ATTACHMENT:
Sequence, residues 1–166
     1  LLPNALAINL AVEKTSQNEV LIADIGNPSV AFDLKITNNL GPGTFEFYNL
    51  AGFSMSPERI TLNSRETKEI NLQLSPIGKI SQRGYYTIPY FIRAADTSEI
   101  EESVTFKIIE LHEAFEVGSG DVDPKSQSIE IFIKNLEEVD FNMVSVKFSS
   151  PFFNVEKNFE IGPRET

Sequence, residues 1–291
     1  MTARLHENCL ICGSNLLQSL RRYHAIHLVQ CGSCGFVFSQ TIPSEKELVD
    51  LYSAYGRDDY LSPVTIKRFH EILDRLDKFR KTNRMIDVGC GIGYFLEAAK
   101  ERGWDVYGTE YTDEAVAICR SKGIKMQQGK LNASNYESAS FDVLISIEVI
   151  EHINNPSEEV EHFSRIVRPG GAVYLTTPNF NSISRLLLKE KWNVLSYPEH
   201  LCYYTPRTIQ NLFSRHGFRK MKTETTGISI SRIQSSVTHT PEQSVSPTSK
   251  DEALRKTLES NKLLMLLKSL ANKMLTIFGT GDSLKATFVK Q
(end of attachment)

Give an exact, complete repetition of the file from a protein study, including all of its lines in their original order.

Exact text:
Sequence, residues 1–166
     1  LLPNALAINL AVEKTSQNEV LIADIGNPSV AFDLKITNNL GPGTFEFYNL
    51  AGFSMSPERI TLNSRETKEI NLQLSPIGKI SQRGYYTIPY FIRAADTSEI
   101  EESVTFKIIE LHEAFEVGSG DVDPKSQSIE IFIKNLEEVD FNMVSVKFSS
   151  PFFNVEKNFE IGPRET

Sequence, residues 1–291
     1  MTARLHENCL ICGSNLLQSL RRYHAIHLVQ CGSCGFVFSQ TIPSEKELVD
    51  LYSAYGRDDY LSPVTIKRFH EILDRLDKFR KTNRMIDVGC GIGYFLEAAK
   101  ERGWDVYGTE YTDEAVAICR SKGIKMQQGK LNASNYESAS FDVLISIEVI
   151  EHINNPSEEV EHFSRIVRPG GAVYLTTPNF NSISRLLLKE KWNVLSYPEH
   201  LCYYTPRTIQ NLFSRHGFRK MKTETTGISI SRIQSSVTHT PEQSVSPTSK
   251  DEALRKTLES NKLLMLLKSL ANKMLTIFGT GDSLKATFVK Q